Answer:

[…] I keep wondering why some people strongly believe no namespacing
should happen outside objects (classes, interfaces, traits, etc.)?

To me it’s convoluted thinking. A name is a name. It shouldn’t matter what it belongs to.

Namespaces are organizational tools for names. Before they existed, people often used naming conventions like prefixes to avoid clashes, like ike_rsqrt. Namespaces take that kind of convention and turn it into a formal language feature, and by doing so, allows some additional options like aliasing in addition to promoting a more consistent way to do it.

The benefits of namespaces apply to names — it should matter little what a name belongs to, so long as a name exists that can possibly clash with another. Any thought revolving around namespaces that considers significantly more than that is probably complicating the issue. Namespace aren’t so abstract, they aren’t so magical. And they’re intended to be general-purpose. We might look at them beyond naming and in terms of packaging and cohesion, but that likewise applies even when adopting a prefix-based convention in a language lacking namespaces — mostly an identifier shouldn’t be exempt from this kind of organization merely because of what it identifies. How things are organized is an interesting question revolving around cohesion: whether things should be organized based on their type isn’t so much.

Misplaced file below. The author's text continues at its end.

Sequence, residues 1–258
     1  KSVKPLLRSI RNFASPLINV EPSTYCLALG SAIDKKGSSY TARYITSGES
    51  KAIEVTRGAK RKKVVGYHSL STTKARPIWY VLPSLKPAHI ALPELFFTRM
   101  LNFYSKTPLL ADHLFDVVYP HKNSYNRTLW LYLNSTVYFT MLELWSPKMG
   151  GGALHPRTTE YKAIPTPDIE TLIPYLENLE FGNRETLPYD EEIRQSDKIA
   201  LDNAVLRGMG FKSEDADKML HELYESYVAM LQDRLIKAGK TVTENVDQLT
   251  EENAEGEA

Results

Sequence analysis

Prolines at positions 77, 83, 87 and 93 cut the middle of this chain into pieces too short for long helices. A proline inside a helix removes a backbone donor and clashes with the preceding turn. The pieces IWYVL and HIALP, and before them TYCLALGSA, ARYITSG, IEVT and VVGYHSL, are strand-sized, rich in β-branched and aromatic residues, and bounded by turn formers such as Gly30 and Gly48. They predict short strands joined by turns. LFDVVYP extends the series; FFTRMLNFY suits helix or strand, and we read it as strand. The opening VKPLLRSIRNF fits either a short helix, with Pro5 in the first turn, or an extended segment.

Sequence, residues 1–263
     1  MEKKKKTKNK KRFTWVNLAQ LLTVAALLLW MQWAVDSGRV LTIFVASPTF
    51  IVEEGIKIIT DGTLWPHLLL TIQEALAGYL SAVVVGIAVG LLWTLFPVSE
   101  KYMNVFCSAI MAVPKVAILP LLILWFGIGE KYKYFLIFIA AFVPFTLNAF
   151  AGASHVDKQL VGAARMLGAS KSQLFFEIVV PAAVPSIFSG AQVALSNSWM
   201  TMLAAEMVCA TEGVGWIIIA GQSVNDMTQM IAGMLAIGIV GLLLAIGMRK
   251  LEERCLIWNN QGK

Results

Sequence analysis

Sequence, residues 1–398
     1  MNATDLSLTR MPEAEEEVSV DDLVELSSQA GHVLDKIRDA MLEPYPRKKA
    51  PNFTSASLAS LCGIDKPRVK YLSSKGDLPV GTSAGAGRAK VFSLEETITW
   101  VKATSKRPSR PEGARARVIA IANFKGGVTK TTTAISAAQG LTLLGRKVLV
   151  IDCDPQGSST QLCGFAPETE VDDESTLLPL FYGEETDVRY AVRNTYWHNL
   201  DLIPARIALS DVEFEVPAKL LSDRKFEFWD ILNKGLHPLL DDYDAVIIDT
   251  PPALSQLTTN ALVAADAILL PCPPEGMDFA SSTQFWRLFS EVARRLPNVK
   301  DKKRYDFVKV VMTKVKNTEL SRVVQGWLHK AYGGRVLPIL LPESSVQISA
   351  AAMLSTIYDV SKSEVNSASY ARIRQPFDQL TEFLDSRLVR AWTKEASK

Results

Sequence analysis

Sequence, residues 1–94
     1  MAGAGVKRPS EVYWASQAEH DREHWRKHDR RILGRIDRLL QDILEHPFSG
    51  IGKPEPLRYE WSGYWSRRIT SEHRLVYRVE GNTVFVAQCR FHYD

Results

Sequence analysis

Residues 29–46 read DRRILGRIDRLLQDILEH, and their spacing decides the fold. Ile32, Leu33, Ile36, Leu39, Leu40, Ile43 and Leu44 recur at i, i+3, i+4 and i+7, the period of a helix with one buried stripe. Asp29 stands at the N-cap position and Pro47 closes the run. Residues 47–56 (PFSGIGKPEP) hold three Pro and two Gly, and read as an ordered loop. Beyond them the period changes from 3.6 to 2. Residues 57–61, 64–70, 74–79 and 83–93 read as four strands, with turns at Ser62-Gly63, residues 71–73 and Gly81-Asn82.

A name is a name. Namespaces are intended to tackle the issue of identifier clashes and organization, and especially among disparate libraries of code. It superficially diminishes their usefulness to suggest they should only apply to one kind of identifier but not another.

Answer:

But what about functions which are not related to any single class?

In my code I usually do not use pure PHP functions at all. I prefer static methods of classes. If I have some functions, which will never need any state, I group them into some static class by function and place this class into appropriate namespace. For example, \Util\Str::camelize() or UI\Util\TextCleaner::prettifyHtml().

Should they be namespaced or left in the global namespace?

Namespacing allows not only solve a problem with name clashes. Namespacing serves the most important purpose of all: it helps slicing your application into modules, which are something logically complete and can be understood by a developer as a whole. A module should follow SRP itself.